Social media training is essential for any employer who wants his or her staff to help a business' online presence to thrive.
But there's more to this training than just making sure your employees know how to log on to Facebook and Twitter -- there are a few legal points you'll want to cover as well.
If you're unsure where to start, try these five legal topics on social media to cover with your staff:
Who owns your social media accounts? Pop quiz: Who owns your employees' social media accounts? If you don't know, your employees won't either. You need to impress upon your employees that the business owns their business Twitter accounts, including all followers. You can more easily police an account that you own, especially if your social media staff decide to quit.
Sponsored posts and FTC disclosures. If your business has been paid to endorse a product, any tweets or Facebook posts stemming from that paid endorsement need an FTC disclosure. Something like "This is a paid advertisement" or "Company X is sponsored by Company Y" may suffice for your needs, but you need to make sure your employees know to include the disclosure. This can get tricky when a business holds social media contests.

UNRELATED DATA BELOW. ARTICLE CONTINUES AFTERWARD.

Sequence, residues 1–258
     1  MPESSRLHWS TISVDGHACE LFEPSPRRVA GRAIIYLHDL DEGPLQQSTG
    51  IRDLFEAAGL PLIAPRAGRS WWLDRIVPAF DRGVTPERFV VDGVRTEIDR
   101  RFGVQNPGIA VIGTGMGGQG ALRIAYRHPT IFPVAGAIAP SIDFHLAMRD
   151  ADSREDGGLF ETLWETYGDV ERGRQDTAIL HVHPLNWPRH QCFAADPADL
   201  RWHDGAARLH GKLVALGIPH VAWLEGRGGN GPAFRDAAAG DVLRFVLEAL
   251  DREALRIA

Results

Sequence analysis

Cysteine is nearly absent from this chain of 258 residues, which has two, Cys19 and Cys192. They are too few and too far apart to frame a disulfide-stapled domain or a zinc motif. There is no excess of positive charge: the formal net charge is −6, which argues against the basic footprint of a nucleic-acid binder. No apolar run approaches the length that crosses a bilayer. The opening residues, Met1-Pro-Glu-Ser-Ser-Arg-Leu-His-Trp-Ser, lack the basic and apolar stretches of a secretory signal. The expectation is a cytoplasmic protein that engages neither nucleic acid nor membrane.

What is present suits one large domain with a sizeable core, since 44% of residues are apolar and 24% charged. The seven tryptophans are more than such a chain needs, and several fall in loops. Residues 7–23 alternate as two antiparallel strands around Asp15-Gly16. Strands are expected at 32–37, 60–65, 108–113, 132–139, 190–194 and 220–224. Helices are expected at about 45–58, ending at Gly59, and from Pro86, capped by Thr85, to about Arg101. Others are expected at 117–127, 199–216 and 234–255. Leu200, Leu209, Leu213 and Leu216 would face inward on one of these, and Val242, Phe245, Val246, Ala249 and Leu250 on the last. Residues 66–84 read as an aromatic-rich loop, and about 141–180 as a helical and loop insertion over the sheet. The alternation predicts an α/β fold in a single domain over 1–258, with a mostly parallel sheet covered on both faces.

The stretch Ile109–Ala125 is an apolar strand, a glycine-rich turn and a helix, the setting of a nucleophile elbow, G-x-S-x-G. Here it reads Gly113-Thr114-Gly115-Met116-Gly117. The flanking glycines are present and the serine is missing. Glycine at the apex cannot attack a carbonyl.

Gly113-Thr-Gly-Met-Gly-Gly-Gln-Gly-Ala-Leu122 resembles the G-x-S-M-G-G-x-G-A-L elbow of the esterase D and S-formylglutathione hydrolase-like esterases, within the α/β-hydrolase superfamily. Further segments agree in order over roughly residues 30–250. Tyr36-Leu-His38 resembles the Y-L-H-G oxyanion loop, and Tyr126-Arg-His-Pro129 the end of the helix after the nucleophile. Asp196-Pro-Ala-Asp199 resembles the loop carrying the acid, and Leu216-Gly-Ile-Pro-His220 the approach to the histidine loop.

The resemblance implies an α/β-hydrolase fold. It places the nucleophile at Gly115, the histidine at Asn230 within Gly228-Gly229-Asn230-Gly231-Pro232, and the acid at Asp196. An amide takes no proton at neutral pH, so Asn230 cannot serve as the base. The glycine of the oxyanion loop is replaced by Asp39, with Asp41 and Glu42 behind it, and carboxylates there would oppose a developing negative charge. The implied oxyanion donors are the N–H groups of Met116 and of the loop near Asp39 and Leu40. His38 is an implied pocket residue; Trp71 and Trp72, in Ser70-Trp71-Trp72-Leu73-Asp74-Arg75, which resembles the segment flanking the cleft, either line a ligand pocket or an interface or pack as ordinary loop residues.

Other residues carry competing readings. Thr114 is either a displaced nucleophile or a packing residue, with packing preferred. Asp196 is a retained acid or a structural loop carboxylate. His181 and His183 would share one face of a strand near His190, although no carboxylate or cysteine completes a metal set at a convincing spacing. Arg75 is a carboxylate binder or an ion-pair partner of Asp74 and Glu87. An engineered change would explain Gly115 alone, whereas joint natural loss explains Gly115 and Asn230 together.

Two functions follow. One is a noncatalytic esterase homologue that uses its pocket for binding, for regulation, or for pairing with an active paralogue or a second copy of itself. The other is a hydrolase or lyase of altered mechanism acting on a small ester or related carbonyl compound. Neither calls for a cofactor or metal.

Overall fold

What's "protected speech" on social media? You can bar employees from using social media at work. You can even prohibit them from Facebooking or tweeting about the business -- but you need to carve out an exception for protected speech. If employees want to use Facebook or Twitter to converse with other employees about the company (e.g., about their salaries), your social media policy should be flexible to this kind of speech. A more absolute ban may be a violation of federal labor laws.